• Is this a really twisted thought, or did you also feel like the doctor played bits of the fairy-godmother part? (Even though Cinder is her own fairy godmother, to be honest.)
  • There is a ball, a discarded dress that belonged to someone Cinder really loved, a pumpkin-colored car… The “slipper”.
  • The freaking “slipper”, guys. That was so witty, Marissa. (If you were as blown away as me when you read that part, PLEASE leave a comment about it. Let’s fantalk about it together.)

Great retelling-sponsored modifications:

  • The main character isn’t waiting around for her problems to be fixed. She acts up, because she’s an iconic badass, and that’s inspiring.
  • There is some sister love between Cinder and one of her stepsisters. Thank you for that, Marissa Meyer.
  • Cinder is the one trying to save, not the one who’s saved.
  • She’s also a darn good mechanic. The best in the whole capital. She’s capable. That’s empowering.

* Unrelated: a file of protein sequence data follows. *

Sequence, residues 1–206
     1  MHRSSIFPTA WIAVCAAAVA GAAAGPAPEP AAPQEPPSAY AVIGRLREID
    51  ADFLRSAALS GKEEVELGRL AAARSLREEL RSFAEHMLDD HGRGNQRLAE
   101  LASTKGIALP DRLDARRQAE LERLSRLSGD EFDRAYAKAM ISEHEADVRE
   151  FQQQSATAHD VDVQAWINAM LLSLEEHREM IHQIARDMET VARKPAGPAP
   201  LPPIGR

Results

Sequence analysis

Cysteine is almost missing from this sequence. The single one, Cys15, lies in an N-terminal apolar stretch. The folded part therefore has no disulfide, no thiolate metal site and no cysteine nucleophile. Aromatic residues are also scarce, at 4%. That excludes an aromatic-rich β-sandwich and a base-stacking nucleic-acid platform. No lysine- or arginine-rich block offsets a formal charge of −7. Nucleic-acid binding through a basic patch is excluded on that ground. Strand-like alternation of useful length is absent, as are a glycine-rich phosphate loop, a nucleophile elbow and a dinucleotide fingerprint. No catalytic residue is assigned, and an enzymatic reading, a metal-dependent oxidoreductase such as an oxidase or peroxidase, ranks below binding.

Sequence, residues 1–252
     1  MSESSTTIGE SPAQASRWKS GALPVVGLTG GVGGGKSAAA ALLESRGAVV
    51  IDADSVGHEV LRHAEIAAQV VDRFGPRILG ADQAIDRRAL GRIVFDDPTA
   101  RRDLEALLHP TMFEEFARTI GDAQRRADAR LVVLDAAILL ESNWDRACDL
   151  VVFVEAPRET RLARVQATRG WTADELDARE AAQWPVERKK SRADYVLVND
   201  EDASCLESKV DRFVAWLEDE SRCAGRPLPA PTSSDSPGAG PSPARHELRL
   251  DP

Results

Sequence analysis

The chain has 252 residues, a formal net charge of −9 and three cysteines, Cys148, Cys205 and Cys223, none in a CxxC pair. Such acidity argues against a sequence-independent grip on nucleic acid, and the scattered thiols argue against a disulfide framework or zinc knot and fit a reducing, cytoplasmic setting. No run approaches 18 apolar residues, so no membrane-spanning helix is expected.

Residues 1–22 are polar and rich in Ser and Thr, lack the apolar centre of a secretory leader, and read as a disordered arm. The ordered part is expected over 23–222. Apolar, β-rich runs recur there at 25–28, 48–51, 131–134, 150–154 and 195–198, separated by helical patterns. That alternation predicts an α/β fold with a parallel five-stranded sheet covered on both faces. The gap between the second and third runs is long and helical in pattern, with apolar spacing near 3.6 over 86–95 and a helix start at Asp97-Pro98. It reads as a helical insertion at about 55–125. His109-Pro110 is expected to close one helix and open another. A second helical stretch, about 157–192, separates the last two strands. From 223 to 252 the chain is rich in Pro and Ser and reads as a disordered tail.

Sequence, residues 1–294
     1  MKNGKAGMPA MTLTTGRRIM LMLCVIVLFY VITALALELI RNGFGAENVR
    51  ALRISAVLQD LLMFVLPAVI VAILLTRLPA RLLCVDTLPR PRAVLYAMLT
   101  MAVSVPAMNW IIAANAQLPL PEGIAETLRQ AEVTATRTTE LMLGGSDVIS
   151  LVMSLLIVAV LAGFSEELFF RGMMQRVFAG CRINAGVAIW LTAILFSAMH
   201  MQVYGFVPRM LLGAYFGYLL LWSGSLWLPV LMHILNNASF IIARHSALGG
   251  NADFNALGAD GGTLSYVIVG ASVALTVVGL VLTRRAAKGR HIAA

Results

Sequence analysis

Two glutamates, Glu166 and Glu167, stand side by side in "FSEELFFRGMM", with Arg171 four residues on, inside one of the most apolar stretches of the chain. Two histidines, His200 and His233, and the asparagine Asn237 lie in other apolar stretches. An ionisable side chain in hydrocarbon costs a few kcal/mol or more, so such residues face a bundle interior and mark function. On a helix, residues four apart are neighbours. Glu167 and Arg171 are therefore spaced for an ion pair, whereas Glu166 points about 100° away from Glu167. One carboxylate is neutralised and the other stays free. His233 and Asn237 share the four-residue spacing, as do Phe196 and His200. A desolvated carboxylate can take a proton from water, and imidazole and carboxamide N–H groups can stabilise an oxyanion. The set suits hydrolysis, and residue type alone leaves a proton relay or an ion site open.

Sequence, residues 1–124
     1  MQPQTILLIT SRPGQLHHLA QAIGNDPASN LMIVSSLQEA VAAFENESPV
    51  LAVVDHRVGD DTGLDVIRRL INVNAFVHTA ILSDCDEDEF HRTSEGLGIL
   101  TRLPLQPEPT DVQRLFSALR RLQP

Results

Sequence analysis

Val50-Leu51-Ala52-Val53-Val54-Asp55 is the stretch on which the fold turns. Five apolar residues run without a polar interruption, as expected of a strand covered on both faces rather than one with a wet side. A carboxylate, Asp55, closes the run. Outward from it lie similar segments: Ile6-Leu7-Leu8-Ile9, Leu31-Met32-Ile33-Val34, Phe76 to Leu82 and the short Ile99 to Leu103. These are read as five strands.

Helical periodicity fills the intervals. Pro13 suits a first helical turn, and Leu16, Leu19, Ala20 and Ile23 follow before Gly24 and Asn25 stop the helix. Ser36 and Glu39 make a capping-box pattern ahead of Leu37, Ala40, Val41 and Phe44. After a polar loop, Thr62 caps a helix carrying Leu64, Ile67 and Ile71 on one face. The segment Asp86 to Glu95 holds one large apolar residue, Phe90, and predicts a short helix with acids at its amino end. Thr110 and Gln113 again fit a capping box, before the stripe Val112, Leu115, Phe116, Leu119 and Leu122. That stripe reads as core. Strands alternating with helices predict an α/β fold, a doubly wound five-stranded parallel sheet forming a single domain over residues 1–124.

Stepsister ~ Jennifer Donnelly

🠺 My review 🠸

Rating: ★★★★☆

Reveal Synopsis Isabelle should be blissfully happy – she’s about to win the handsome prince. Except Isabelle isn’t the beautiful girl who lost the glass slipper and captured the prince’s heart. She’s the ugly stepsister who’s cut off her toes to fit into Cinderella’s shoe … which is now filling with blood.

When the prince discovers Isabelle’s deception, she is turned away in shame. It’s no more than she deserves: she is a plain girl in a world that values beauty; a feisty girl in a world that wants her to be pliant.

Isabelle has tried to fit in. To live up to her mother’s expectations. To be like her stepsister. To be sweet. To be pretty. One by one, she has cut away pieces of herself in order to survive a world that doesn’t appreciate a girl like her. And that has made her mean, jealous, and hollow.

Until she gets a chance to alter her destiny and prove what ugly stepsisters have always known: it takes more than heartache to break a girl.


My impression of the book in a few sentences: There isn’t enough buzz around this book. It is so empowering and magical that I can’t wrap my mind around it. It wasn’t exactly what I had expected, but in a certain sense it was better.